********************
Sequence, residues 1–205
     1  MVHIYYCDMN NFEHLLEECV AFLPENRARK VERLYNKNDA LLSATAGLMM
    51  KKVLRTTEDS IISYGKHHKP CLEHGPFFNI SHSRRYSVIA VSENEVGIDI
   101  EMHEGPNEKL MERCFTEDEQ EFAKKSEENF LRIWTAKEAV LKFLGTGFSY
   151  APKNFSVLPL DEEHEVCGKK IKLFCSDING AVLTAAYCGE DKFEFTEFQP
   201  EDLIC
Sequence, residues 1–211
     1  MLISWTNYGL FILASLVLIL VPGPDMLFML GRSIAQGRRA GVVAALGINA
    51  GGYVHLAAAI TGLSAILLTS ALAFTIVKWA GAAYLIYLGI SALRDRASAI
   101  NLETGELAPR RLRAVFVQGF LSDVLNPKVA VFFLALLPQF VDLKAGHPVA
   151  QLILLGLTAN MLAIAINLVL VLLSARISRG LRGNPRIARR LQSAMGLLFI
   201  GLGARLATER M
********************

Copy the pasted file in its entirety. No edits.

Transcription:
Sequence, residues 1–205
     1  MVHIYYCDMN NFEHLLEECV AFLPENRARK VERLYNKNDA LLSATAGLMM
    51  KKVLRTTEDS IISYGKHHKP CLEHGPFFNI SHSRRYSVIA VSENEVGIDI
   101  EMHEGPNEKL MERCFTEDEQ EFAKKSEENF LRIWTAKEAV LKFLGTGFSY
   151  APKNFSVLPL DEEHEVCGKK IKLFCSDING AVLTAAYCGE DKFEFTEFQP
   201  EDLIC
Sequence, residues 1–211
     1  MLISWTNYGL FILASLVLIL VPGPDMLFML GRSIAQGRRA GVVAALGINA
    51  GGYVHLAAAI TGLSAILLTS ALAFTIVKWA GAAYLIYLGI SALRDRASAI
   101  NLETGELAPR RLRAVFVQGF LSDVLNPKVA VFFLALLPQF VDLKAGHPVA
   151  QLILLGLTAN MLAIAINLVL VLLSARISRG LRGNPRIARR LQSAMGLLFI
   201  GLGARLATER M